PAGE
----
Interview: Martha Burns Findlay


Hello Martha, first things first, where are you from & where are you at, geographically speaking?
I grew up near Loch Lomond and moved to Glasgow for university when I was 18. Moving from the countryside, I was enthralled by Glasgow’s distinctive character, warm energy and dynamic creative scene. Glasgow was my home for over 10 years before moving to London in 2015. I always thought London would be temporary thing, but after almost 5 years I’ve really grown to love the place. South-East London is my stomping ground. I’m now currently in the midst of relocating to Edinburgh. I’ve never lived in Edinburgh before but its a city that I’ve always wanted to know better. I’m really looking forward to becoming a Leith local.

headshot1.jpg

When did you first realise you were creative?
As a wee girl I was very shy, but I was always interested in singing, dancing and acting. After tireless hours of performing in front of my parents in our sitting room, they ended up sending me to drama workshops at Scottish Youth Theatre when I was 11. This really helped me to come out of my shell and to grow my confidence. I also think growing up in a rural village with only 13 other kids at my school nurtured my creativity, as we had to be very resourceful and make-up our own fun. Every year we used to take part in a gala day where we would create a themed float and local farmers would tow us through the neighbouring villages and we would wave at the crowds. We spent the whole year planning our themed costumes from Vikings to rainforest animals, circus performers to pirates. It was the highlight of my year!

Can you tell us about your training?
I’ve always had quite a broad interest in both the arts and cultural heritage. For my undergraduate studies at the University of Glasgow I chose to study both Celtic Studies and Theatre Studies and later went on to do a Diploma in Physical Theatre Practice at The Arches & Adam Smith College.  Whilst at university I became heavily involved in community volunteering and I began working on community arts projects. I later went on to undertake a postgraduate Master of Education in Community Learning and Development which helped to inform my community arts practice. Whilst my formal training has been invaluable, I do believe much of my learning has taken place on-the-job through successive voluntary and paid job roles. For the past 10 years I’ve worked mostly within museum and art gallery contexts, working across multiple art forms.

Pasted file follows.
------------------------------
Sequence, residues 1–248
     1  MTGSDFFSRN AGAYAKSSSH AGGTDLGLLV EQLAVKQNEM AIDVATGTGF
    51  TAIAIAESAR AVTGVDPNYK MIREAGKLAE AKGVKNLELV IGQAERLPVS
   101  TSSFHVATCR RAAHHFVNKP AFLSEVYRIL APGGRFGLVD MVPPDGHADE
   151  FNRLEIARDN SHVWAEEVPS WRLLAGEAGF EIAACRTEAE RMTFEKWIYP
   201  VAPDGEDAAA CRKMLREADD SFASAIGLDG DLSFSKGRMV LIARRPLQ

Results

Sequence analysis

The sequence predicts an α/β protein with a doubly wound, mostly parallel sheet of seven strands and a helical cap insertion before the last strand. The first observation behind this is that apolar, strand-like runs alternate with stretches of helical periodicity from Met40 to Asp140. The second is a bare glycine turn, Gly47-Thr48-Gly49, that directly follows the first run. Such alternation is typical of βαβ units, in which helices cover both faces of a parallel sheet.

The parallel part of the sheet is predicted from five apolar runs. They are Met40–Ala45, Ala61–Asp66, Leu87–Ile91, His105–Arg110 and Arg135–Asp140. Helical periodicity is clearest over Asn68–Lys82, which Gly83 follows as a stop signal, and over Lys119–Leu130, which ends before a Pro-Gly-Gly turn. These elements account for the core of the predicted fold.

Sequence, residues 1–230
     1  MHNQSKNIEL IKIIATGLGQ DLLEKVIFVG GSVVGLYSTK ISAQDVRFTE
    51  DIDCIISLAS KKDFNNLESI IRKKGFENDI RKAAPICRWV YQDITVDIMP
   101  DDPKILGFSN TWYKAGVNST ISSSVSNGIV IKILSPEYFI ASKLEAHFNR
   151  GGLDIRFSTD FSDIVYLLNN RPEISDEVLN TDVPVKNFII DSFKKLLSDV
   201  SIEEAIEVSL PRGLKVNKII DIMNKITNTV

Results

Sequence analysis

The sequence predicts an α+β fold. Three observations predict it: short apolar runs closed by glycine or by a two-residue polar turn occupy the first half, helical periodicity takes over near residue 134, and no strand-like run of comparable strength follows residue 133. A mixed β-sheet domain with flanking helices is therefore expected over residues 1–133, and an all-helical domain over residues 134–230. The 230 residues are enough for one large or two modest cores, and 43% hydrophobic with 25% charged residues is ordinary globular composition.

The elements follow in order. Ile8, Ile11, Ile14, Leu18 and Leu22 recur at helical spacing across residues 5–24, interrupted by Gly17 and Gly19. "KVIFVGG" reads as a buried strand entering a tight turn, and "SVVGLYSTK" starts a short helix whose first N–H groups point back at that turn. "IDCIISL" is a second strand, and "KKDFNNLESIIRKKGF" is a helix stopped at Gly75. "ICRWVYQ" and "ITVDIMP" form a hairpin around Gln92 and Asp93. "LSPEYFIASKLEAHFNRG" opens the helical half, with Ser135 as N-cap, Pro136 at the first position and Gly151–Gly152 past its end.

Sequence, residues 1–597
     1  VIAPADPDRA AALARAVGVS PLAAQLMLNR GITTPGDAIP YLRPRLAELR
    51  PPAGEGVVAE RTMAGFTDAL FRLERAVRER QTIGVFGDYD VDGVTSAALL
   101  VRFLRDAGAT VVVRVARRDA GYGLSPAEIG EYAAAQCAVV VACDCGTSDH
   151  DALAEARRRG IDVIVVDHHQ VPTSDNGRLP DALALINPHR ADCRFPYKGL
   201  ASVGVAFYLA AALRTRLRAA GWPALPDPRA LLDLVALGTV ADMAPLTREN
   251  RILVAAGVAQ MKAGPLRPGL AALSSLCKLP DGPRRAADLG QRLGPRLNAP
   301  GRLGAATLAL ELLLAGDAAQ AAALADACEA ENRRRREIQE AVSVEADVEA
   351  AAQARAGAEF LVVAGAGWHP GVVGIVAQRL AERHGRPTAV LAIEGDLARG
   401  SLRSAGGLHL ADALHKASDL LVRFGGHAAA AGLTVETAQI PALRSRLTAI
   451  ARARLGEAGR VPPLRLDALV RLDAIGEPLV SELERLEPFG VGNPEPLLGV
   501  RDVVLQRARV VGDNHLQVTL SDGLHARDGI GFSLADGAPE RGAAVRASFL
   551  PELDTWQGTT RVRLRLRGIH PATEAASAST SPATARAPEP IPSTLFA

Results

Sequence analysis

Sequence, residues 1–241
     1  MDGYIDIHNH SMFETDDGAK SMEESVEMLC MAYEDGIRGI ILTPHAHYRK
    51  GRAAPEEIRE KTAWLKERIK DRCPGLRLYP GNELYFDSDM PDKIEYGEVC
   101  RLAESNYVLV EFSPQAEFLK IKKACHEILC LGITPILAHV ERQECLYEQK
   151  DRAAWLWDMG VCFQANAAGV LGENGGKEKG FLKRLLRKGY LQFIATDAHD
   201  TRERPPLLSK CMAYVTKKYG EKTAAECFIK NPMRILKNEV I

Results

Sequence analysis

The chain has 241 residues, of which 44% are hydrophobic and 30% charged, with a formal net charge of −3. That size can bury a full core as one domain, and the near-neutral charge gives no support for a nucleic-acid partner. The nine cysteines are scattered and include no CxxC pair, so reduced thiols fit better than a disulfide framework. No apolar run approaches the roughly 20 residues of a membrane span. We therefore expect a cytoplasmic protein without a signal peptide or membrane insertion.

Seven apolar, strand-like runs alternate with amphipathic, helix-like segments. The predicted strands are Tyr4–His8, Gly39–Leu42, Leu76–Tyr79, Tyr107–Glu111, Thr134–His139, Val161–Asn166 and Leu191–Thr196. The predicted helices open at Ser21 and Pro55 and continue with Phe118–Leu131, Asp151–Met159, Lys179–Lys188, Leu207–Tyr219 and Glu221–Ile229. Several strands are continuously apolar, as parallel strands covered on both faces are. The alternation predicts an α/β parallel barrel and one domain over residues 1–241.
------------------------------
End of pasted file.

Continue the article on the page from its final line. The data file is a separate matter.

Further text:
SittingLights

You specialise in arts-led community participation and social practice – what is it about this aspect of the arts community that makes you tick?
The opportunity to participate in cultural life and to access the arts is a fundamental human right. I truly believe the arts play a vital role in our shared lives. The arts can be a tool for building bonds between people and communities; it can provide a platform for people to learn, grow and develop; it can be a form of expression and a tool for communication; it can help us to reimagine and reshape our neighbourhoods and cities; and it can act as a lens through which we can see our world in a new light. My passion for arts-led community participation and social practice stems from the transformative experience that the arts have had on my own life, and over the past 15 years I have witnessed the powerful impact it has had on the lives on others. In a chaotic and sometimes difficult world I truly believe that cultural experiences have the power to help us make sense of the world around us and to have some agency in how our world is shaped. It is the tremendous social value of the arts that inspires me to do what I do.

What for you makes a good piece of art?
I really struggle with the categorisation of good and bad art. I believe art is subjective. Personally, I tend to be drawn to art that connects with me in an innate way. It could be a personal connection, art that elicits an emotional response, or something that stirs my curiosity and critical consciousness.